This Story is:
Black Jack Fitzgibbon, first Earl of Clare, lived at Mountshannon House
Excerpt from Village by Shannon, The Story of Castleconnell and its Hinterland
Joe Carroll & Pat Tuohy, 1991
John Fitzgibbon, or ‘Black Jack’ as he became known, “entered politics in 1780 and soon made his mark rising quickly to the position of Attorney General. In 1789 he was appointed Lord High Chancellor of Ireland. He was knighted in 1795, becoming the first Earl of Clare. But already success had gone to his head and he turned his back on the Irish and became much hated for his opposition to Catholic Emancipation and more so for his part in putting down the rebellion of 1798. His well-recorded saying that he would make the Irish as tame as a mutilated cat evoked more hatred and bitterness towards him and he was in constant danger of being attacked.
On one occasion when returning to his Dublin house in Ely Place, a dead cat was thrown into his carriage which was surrounded by a mob of several hundred, armed with clubs, forks, sledges and other implements. Luckily for Fitzgibbon, the mob dispersed on hearing of the approaching military, but not before his carriage was stoned and he received several head injuries. Following this escapade Black Jack had an iron fortress erected around his Dublin home. Even in Mountshannon he lived in constant fear and there was a further attempt made on his life when the Mansion was attacked and one of his servants killed while defending the place.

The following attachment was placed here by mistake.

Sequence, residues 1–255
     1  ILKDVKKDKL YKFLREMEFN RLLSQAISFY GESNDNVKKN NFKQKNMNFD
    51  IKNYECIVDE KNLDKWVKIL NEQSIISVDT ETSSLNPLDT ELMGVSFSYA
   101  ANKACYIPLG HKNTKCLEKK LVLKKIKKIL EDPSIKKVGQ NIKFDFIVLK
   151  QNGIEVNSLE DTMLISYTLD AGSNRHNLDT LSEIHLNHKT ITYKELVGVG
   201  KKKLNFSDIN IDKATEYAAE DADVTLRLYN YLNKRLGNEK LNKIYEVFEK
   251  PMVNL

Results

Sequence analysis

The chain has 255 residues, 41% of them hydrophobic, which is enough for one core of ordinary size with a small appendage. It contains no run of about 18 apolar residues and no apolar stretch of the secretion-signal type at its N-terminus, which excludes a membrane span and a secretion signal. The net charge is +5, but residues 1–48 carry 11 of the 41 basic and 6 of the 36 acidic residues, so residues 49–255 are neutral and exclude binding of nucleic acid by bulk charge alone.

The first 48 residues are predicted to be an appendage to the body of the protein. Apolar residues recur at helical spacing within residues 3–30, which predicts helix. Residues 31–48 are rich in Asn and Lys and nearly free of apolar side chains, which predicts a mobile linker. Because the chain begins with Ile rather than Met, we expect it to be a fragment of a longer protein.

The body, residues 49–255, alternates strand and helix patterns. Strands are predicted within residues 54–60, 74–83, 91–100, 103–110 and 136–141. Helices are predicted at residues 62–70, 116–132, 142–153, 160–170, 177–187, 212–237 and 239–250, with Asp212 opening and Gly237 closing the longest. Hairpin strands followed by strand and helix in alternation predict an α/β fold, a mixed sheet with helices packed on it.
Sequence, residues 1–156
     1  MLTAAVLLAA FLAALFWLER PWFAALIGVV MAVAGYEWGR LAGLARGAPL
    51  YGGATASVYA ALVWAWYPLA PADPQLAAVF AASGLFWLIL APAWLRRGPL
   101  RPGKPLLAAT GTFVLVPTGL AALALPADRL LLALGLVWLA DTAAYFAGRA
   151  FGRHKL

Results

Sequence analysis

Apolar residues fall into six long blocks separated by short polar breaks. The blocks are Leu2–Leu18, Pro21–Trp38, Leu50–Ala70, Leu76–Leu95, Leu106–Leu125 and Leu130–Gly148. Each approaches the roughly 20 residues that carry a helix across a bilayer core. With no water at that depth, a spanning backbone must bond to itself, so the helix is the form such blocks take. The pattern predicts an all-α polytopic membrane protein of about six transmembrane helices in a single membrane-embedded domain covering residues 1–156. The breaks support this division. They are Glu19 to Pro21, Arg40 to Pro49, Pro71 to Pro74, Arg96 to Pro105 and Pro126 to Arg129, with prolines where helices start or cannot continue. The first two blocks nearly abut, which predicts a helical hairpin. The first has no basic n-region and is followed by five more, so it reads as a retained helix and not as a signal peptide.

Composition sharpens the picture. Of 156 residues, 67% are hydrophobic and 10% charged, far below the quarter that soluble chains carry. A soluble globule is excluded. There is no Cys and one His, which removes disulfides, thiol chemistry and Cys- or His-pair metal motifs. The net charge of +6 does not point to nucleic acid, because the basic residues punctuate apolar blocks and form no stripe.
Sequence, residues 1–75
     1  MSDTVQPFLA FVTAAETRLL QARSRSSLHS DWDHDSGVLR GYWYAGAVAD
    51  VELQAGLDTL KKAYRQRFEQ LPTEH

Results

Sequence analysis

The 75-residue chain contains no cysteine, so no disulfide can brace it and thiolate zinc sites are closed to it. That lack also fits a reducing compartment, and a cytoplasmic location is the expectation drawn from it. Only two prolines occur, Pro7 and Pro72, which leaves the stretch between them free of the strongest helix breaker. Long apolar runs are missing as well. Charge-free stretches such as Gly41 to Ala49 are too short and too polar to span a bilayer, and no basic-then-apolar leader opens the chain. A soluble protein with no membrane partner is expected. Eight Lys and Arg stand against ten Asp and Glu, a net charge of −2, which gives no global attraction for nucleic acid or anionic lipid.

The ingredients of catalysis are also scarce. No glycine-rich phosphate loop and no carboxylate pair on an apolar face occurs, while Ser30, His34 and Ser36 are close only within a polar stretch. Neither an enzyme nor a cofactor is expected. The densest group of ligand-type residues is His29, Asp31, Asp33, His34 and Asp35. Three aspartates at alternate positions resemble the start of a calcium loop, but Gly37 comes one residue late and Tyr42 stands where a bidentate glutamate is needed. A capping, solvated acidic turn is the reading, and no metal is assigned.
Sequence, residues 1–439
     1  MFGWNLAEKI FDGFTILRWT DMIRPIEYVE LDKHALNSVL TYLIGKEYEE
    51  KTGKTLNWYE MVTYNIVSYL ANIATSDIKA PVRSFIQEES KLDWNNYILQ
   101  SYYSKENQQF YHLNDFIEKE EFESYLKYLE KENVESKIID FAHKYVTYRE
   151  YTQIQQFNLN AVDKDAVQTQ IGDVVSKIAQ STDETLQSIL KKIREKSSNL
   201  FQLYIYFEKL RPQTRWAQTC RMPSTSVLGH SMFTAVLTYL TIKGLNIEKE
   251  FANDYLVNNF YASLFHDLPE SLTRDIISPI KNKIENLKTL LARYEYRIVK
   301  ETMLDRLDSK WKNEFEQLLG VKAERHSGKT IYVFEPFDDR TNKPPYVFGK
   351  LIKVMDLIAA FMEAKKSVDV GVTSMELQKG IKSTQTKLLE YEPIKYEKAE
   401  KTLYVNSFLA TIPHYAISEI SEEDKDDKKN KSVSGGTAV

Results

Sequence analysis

Fitzgibbon’s final sell-out of his country came when he backed the Act of Union – which brought about the uniting of the Parliaments of Great Britain and Ireland and came into effect in 1801. His last act of treachery was to oppose the granting of the Civil Liberties to Catholics. Following the Act of Union, Lord Clare, as he was now titled, took his seat in the House of Lords. During a debate there in which Fitzgibbon ranted and raved, the great British statesman, William Pitt, was heard to remark, ‘Good God, did you ever in all your life hear such a rascal’. Pitt’s famous remark is probably the most accurate and apt summing-up of the character of Black Jack Fitzgibbon. He soon found himself out of favour and unwanted even by the British who now saw him for what he was and despised him for his betrayal of his own country.”
“Dejected and disenchanted with the world of politics, Fitzgibbon retired to Mountshannon and busies himself with the running of the estate …. “
“Following a fall from his horse at Mountshannon in the Christmas of 1802 Lord Clare was badly injured and on the advice of his doctors he set out to travel to the Continent for special treatment. He had only reached his Dublin house on the first leg of the journey when his condition deteriorated and he died on 28 January 1802 in his early fifties. He was buried at St Peter’s Church in Dublin where the bitterness and hatred he had once aroused surfaced again with the appearance of the dead cats – thrown on his coffin and grave.”